Trade war hurting county farmers

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Grain is poured into the Gateway FS grain elevator in Waterloo. 

Since last summer, the United States and China have been engaged in a trade war, the effects of which can be seen in Monroe County. 

Since last summer, the United States and China have been engaged in a trade war, the effects of which can be seen in Monroe County. 

Perhaps the clearest impact is with soybean, corn and pork markets, which have all taken a hit from the trade war.  

“It’s huge,” Waterloo farmer Nathan Brinkmann said of the impact of the trade war. “When you’re selling beans for $10, usually, and you lose a dollar, that’s 10 percent right off the top. You throw in a weather event or some other kind of problem and that number can increase drastically. It’s a huge variable in a world of endless variables.”

Another Waterloo farmer, Ken Hartman Jr., put it even more succinctly. 

“The problem is you can basically say that where the prices are today, they’re under the cost of production,” he said. 

President Donald Trump started the trade battle with the goals of improving conditions for American companies in China, reducing the trade deficit with China and levelling the playing field for American businesses competing with Chinese ones. 

Under Trump, the U.S. has imposed hundreds of billions of dollars worth of tariffs on Chinese goods, with Trump planning to raise tariffs on some products again in October. 

China, in turn, has imposed over $100 billion of tariffs on U.S. goods. 

Tariffs are a tax on imports or exports between sovereign states meant to encourage or protect domestic business. 

Additionally, the American Farm Bureau Federation reported U.S. agricultural exports to China fell more than 50 percent last year as the Asian nation decreased its consumption of American agricultural goods. 

That is where Monroe County farmers come in, as the trade dispute has impacted how they do business. 

“The trade war has affected soybeans immensely because China is our No. 1 purchaser of soybeans,” Hartman said. 

Hartman said the market for soybeans has dropped more than a dollar during the trade war. 

That comes during a particularly difficult time for local farmers, as agweb.com reported that Illinois’ corn and soybean production is falling 11 and 25 percent, respectively, under last year’s estimate. 

Moreover, the Trump administration is also working to ratify the United States-Mexico-Canada Agreement, which replaces a previous trade deal between the North American countries.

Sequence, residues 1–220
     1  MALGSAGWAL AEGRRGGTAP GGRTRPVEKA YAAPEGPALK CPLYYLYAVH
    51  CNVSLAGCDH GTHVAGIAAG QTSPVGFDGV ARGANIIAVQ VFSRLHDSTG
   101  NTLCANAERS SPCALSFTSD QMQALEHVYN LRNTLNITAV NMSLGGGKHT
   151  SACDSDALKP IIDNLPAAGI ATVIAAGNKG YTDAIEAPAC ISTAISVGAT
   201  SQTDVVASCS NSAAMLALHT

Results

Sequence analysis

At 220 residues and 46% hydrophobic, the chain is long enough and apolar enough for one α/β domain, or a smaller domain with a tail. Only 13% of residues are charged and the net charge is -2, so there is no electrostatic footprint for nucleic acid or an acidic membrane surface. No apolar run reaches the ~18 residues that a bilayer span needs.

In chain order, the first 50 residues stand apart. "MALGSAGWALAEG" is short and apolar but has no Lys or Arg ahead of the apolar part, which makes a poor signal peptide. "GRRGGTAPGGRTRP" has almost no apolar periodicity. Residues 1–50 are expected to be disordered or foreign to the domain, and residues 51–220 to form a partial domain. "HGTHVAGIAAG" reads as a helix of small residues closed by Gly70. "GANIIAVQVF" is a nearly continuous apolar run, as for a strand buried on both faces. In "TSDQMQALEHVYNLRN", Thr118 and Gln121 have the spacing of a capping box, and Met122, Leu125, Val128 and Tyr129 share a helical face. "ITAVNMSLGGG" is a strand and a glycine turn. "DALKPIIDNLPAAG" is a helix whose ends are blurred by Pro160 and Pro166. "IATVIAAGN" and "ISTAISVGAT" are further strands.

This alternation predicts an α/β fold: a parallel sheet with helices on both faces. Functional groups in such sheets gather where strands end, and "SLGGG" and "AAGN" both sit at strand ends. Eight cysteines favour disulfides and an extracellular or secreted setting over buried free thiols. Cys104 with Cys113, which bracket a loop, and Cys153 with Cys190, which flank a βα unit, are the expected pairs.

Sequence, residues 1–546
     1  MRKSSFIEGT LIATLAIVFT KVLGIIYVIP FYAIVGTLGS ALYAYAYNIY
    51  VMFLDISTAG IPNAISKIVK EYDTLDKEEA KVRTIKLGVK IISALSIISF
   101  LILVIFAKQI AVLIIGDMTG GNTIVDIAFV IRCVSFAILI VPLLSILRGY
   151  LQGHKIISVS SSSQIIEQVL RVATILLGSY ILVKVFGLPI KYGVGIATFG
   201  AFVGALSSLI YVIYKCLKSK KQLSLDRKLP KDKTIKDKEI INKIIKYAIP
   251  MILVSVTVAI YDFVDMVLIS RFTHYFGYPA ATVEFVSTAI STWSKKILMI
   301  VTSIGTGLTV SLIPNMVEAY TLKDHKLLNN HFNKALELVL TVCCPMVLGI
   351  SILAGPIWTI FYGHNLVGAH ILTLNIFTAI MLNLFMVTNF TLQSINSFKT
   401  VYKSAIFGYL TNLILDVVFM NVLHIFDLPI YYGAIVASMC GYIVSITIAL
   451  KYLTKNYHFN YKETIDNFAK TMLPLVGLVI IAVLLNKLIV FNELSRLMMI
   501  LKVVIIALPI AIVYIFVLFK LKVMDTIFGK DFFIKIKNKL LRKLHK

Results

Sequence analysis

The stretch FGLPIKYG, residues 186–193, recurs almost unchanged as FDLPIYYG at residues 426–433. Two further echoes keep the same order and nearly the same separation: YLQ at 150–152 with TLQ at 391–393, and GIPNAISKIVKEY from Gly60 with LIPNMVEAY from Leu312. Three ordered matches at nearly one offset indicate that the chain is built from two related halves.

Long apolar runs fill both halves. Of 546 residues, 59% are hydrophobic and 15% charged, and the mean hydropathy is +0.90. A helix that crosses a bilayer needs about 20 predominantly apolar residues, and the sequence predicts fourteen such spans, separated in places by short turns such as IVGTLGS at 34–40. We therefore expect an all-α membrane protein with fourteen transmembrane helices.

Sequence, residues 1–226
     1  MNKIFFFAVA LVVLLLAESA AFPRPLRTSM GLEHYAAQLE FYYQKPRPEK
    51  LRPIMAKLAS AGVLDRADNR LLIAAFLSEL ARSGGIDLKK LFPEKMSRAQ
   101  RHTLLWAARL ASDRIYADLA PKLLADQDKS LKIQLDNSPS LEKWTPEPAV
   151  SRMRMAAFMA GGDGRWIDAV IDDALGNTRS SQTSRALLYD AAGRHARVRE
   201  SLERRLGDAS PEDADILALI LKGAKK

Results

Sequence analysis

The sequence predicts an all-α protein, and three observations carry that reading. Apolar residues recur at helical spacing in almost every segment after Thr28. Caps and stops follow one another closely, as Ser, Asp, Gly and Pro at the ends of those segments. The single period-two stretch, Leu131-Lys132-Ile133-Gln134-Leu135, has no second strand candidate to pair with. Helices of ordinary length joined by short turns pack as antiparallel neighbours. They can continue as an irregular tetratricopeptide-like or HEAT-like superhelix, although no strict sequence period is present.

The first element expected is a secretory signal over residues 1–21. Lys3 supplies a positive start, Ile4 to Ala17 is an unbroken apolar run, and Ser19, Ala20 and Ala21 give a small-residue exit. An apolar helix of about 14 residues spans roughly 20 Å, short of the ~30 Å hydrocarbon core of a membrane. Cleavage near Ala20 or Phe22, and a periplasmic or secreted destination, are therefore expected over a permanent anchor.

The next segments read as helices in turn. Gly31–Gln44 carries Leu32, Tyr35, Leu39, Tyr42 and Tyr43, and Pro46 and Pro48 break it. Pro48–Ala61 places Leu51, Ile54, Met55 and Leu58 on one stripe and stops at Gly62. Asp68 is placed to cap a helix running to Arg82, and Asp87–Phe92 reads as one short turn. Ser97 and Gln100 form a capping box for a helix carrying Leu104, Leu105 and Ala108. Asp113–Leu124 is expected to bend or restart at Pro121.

Hartman said Mexico is the top buyer of U.S. corn, so it is important to keep that country happy so it maintains or increases its corn purchases.  

He said countries like Brazil and Argentina have moved to fill gaps created by the trade war, which can worry some farmers. 

“Once you lose a market, it’s hard to get it back,” Hartman noted. 

All that has led to organizations like the American Farm Bureau Federation, Illinois Soybean Association and Illinois Corn Growers Association to speak against the trade war. 

Nevertheless, Trump has taken steps to help farmers, sending approximately $28 billion in aid and negotiating with Japan to try to get that country to up its corn purchases.

Hartman said those measures help, but they do not solve all farmers’ problems. 

He said the aid, for example, is not sustainable. 

“It helps you out for the short-term, but long-term it’s not helping you out,” he said. “We want to sell our grain. We want markets. We don’t want to live off the subsidies of the government.”

As far as negotiations with Japan go, Hartman said farmers are hopeful Trump can get something done – though that hope is tempered by recent experience. 

“Most people feel if we can’t get USMCA passed and we can’t get China to work with us on some of these trade war situations, it’s going to be hard to get Japan to work with us,” Hartman explained. 

In the meantime, farmers are taking steps to minimize any losses from the trade war. 

One main way they are doing that, according to Hartman, is by not investing in new equipment or top-end products like seed, chemicals and fertilizer. 

“When you have these situations, farmers are just not going to spend any money,” Hartman said. “They’re going to get by with what they can get by with.” 

Brinkmann, who has a smaller farm of mostly soybeans near Prairie du Rocher, said he has taken that step. 

He has also gotten another job.  

“I’m driving a truck over the road to alleviate some of those pressures,” he said. “Farming wasn’t spectacular for me before the trade war. That was just the icing on the cake for me.” 

Experts are uncertain when the trade war will end, so farmers will continue those practices. 

Brinkmann said they will also look to get creative in their thinking, such as by planting non-genetically modified crops to tap into a different market. 

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